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Messages - dft

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491
Current Law Students / Re: Reputation Experiment
« on: October 11, 2004, 11:56:27 AM »
I like this commend, defame stuff, it's fun.  Maybe you could design a more aesthetically pleasing "commend" and "defame" button though (and not so close together).

492
Current Law Students / Re: Reputation Experiment
« on: October 11, 2004, 11:53:26 AM »
Aiight (just needed to get my 10th post).  I think it will be funny to defame people just for the hell of it.  Kind of like "warning" people on AIM but less serious cuz you can't get kicked off (so it's funnier).


Oh, uh, oops.  You do have to have a minimun number of posts to change people's reputations - otherwise people could just set up fake accounts and give themselves points.

I lowered the minimum to 10 posts so you should be seeing the links now.

As for name changing - I agree that it gets confusing.  I'll have to figure out a way to close that off without people getting too mad.
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493
Current Law Students / Re: Reputation Experiment
« on: October 10, 2004, 10:46:00 PM »
I think you should prevent people from constantly changing their names.  It's confusing when they change their avatar and name because it's like who the hell is this person.  FYI - I don't see any "commend" or "defame" thing next to your pic.

494
Current Law Students / Re: LSAT / Admissions question
« on: August 24, 2004, 12:55:35 PM »
146 is not the low average of some tier 2 schools.  146 is the low average for the least selective schools in the entire list (bottom of the pack of tier 4).  151 is the median for all of those who take the lsat, but for those who actually get into law school the median is more like 154 or 155.

495
Current Law Students / Re: LSAC on the web
« on: August 16, 2004, 08:25:07 PM »
If you are applying to numerous schools, it's definitely worth the price; however, most schools have pdf versions that are easily accessed.

On the web is VERY convenient.  You can use it anywhere.  Like the poster above said, it definitely provides peace of mind.



thanks guys.

496
Current Law Students / Re: Hottest area of Law
« on: August 14, 2004, 10:26:31 PM »
Like the above posters stated, Intellectual Property (particularly patents, which requires a science background).  IP has been hot for the past few years, it doesn't seem to be cooling off any time soon.  Up there with IP is litigation - supposedly "there's always a need for litigators".

497
Current Law Students / Re: LSAC on the web
« on: July 23, 2004, 08:44:56 PM »
How does LSAC on the web compare to LSAC on CD?  Anyone know?  (or wait... is this the first year the LSAC on CD is being offered?)

498
Current Law Students / Re: Real Estate Law
« on: July 16, 2004, 07:05:32 PM »
Excellent question - I was interested in the exact same thing.  I have yet to come across any law school that has an extensive list of Real Estate law classes (obviously, this would signify that the school is a good school for real estate law).  I actually have yet to come across a school that offers any more than approximately 3 real estate/property law classes (I believe).  I may want to practice real estate law, so this is important to me also.  It would also be interesting to know what sort of courses people who are interested in practicing real estate law ^should^ take.  I would suggest posting this topic on the Pre-Law forum, since you are obviously pre-law (not a student or graduate).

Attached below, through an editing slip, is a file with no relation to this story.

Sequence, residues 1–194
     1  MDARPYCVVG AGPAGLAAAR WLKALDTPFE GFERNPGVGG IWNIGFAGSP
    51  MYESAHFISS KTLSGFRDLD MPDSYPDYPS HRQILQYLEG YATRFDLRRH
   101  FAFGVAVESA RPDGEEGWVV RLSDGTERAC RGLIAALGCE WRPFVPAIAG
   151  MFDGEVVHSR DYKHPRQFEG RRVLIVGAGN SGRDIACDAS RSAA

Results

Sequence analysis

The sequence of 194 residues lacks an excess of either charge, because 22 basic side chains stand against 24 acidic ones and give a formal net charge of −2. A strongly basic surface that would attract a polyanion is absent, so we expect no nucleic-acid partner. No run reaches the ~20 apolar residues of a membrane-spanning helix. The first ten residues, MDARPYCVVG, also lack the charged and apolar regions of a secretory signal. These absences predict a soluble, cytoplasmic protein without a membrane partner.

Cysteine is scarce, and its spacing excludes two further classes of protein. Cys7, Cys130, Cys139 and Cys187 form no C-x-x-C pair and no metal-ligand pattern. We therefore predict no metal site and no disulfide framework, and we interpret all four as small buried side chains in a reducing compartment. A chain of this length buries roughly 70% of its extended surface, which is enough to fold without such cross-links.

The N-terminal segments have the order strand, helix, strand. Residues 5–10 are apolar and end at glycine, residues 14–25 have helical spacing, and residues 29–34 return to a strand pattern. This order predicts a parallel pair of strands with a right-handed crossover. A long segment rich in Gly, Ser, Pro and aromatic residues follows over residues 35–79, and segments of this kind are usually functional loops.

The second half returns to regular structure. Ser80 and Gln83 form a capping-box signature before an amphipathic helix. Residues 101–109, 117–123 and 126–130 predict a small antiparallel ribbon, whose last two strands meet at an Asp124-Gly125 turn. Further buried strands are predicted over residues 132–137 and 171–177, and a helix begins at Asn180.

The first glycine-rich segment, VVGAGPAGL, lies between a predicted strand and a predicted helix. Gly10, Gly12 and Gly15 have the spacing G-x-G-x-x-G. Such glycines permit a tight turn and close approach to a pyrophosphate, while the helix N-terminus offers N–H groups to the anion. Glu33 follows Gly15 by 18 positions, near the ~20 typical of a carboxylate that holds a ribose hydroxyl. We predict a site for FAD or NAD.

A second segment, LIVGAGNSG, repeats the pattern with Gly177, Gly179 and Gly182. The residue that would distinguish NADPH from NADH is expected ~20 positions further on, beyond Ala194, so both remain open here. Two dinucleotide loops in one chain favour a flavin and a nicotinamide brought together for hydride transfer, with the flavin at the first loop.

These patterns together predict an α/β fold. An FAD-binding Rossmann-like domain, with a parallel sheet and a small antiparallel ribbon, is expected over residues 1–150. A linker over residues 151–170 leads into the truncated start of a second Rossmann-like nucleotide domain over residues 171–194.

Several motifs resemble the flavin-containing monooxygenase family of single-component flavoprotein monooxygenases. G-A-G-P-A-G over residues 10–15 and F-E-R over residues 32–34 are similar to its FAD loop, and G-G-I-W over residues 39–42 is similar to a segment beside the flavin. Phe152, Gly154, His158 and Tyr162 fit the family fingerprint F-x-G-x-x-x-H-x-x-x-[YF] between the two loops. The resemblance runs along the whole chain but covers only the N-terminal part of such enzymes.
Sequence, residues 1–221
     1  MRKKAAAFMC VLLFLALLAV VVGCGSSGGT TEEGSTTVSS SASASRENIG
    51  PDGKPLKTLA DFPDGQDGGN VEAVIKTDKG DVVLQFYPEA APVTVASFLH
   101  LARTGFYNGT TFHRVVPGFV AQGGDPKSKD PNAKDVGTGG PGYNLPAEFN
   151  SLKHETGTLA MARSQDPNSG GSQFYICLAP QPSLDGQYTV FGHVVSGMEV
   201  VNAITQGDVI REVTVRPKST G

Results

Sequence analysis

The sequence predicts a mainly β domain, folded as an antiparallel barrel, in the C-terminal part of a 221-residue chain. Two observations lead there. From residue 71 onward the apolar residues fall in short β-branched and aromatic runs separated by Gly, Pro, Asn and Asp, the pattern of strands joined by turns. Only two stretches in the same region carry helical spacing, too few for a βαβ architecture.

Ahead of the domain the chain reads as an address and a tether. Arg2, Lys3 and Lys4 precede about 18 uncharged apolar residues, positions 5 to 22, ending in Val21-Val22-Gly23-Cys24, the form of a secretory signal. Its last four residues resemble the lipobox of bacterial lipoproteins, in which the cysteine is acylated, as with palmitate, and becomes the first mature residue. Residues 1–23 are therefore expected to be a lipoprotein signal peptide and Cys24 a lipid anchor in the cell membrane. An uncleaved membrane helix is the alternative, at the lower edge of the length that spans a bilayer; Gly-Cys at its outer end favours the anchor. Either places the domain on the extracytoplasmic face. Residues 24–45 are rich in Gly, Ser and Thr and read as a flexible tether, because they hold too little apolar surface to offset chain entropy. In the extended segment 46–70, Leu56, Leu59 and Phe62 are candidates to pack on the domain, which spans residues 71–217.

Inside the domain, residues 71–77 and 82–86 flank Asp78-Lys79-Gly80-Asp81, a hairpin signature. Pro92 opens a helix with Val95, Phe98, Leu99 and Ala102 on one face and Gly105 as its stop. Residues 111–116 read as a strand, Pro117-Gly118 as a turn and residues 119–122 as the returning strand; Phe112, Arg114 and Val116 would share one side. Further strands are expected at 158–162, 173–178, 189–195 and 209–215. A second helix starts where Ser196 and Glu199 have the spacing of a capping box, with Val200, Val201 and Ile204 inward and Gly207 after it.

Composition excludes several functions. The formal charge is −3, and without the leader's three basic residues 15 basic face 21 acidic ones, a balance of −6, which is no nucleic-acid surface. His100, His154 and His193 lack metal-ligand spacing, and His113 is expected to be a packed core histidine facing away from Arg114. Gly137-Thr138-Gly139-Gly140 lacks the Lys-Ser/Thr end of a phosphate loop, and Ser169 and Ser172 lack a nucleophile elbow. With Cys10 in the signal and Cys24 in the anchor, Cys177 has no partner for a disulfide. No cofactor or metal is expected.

-Corey

499
I was diagnosed with ADD a few years ago and I need to get re-tested (have a doctor conduct a battery of neuropsychological tests on me) in order to receive accomodated testing for the LSAT in October.

For those of you who don't know, LSAC adds a statement to your LSAT score when you receive Accomodated Testing - something like "interpret this test result with great flexibility and sensitivity" (see www.lsac.org for the exact statement and other related information).

Because of this, it leads me to think that it may not be worth it to utilize the accomodated testing (that is, if I actually get it).  On the other hand, all law schools are supposedly not legally allowed to "discriminate on the basis of disability" and they state this on their websites.

Some people have told me that if the LSAC allows me to, that I should utilize the Accomodated Testing - but ONLY IF my score increases subtantially when testing myself with time and a half.  This seems to make sense - so basically, if my score goes up by like 10 points or more (this sounds substantial to me) than I should use the Accomodated Testing.

I have also heard from another source that law schools do not consider the the score to be lower at all (I'm assuming this is an effort by the law schools to be nondiscriminatory).

I would like to know what you guys think.  I realize that this is a controversial topic and that many don't believe there should be Accomodated Testing at all.  I'm not arguing that there should be - I'm just asking for some advice on my personal situation.  I posted this on the Pre-Law Board but I wanted to get as much input as possible.  Thanks.

                                                  -Corey

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